Low compression can cause a misfire due to incomplete combustion so maybe the clicking sound is a spark jumping from the plug boot to the cylinder head.
Exhaust valves not rotating enough on their seats can have a tendency to burn also which leads to lowered compression which leads to misfires which leads to…

It’s a vicious cycle.

I’ll be taking it to the mechanic today, so I’ll let you know! Thanks

Still working this out. The dealer did a driving test and somehow determined the the head would have to be replaced.
My mechanic did a compression test both with the engine on and off and both had ample compression.
My next move is to determine whether the dealer did anything more than drive it metered, and want to charge 2k. Their paperwork does not show that they even did a compression test!

Dealer will remove/rebuild both heads for issue with 1 head? Not 100% certain if that is plan.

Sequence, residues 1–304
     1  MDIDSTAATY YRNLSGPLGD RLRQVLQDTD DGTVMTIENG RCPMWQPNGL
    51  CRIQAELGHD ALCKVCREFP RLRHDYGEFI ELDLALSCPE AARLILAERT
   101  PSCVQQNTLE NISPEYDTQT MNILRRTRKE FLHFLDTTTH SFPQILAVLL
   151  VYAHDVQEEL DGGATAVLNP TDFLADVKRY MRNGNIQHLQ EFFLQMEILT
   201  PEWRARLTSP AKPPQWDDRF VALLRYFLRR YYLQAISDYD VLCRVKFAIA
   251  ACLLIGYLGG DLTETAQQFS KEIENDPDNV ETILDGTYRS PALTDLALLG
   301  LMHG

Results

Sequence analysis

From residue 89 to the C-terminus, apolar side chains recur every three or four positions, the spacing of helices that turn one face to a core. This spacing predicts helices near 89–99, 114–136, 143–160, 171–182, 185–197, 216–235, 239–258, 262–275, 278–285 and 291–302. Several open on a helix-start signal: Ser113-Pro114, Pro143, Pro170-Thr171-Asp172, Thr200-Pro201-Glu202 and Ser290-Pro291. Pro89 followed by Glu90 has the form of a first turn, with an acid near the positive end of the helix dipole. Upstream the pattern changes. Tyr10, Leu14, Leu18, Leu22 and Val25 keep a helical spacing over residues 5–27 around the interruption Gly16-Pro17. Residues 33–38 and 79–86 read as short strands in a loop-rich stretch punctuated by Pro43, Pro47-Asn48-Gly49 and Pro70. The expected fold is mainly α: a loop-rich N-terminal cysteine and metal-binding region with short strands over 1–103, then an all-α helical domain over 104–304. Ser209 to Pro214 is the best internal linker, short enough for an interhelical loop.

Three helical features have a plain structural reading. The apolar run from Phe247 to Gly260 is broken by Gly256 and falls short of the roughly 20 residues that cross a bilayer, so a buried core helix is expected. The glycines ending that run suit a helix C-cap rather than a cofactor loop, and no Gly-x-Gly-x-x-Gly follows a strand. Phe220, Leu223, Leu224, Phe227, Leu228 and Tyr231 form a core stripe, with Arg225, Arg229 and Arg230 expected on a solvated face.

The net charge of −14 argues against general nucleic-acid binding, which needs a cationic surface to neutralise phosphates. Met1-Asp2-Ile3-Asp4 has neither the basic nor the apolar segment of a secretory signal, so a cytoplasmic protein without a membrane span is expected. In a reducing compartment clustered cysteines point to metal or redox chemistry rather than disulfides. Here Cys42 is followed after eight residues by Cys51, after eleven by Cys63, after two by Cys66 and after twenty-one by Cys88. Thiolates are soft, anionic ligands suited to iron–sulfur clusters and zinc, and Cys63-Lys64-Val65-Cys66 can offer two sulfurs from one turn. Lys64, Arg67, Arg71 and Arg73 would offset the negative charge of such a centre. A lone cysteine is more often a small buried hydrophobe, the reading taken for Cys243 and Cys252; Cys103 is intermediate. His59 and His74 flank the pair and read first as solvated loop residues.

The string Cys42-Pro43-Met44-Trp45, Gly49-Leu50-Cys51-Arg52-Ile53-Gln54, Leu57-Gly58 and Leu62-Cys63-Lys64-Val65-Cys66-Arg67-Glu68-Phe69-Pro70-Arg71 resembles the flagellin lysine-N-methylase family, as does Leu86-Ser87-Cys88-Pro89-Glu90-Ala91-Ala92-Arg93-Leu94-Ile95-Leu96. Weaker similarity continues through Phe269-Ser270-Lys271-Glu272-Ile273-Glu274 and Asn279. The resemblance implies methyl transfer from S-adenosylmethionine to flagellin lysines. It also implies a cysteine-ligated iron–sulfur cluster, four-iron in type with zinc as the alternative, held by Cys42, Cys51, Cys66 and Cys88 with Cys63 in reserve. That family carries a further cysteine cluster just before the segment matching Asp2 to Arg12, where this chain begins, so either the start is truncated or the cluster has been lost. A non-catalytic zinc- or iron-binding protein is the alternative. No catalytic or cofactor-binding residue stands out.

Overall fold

My mistake, yes you are correct. The right head is what they say needs to be replaced. There actually isn’t a problem with operating the vehicle. The only symptoms are the check engine light and the engine clicking. If I hadn’t explained it before, the clicking I was told was probably the risers and click faster upon revving. It’s more annoying than anything. Other than that, if the light wasn’t on, you’d never know there was a problem. It’s just strange that the dealer only did a road test. My mechanic was baffled at this. He has determined that the coil, plug, and wire are fine and that it holds compression. My fear is that if it IS the head, eventually a crack will get big enough to destroy the engine altogether. My mech says that taking the head off to see would be costly and may not solve anything. We are trying to figure a way to fix it without taking the whole thing apart. It may not be possible.

He can swap the injectors as said earlier to see if the code moves to another cylinder.

Finally got some clarity from the dealer. Apparently the rocker arm walks? To the side and is wearing out the head. The new head is a temporary fix because it will get worn again. The tech said that the rocker arm, as it turns, walks sideways, pushing on the valve guide crooked and wearing out the head. There’s no crack.

Reports to RepairPal for similar issues:

If you like the car, you might as well fix it.


Why does the head need to be replaced?

I would think a good machine shop should be able to get it going again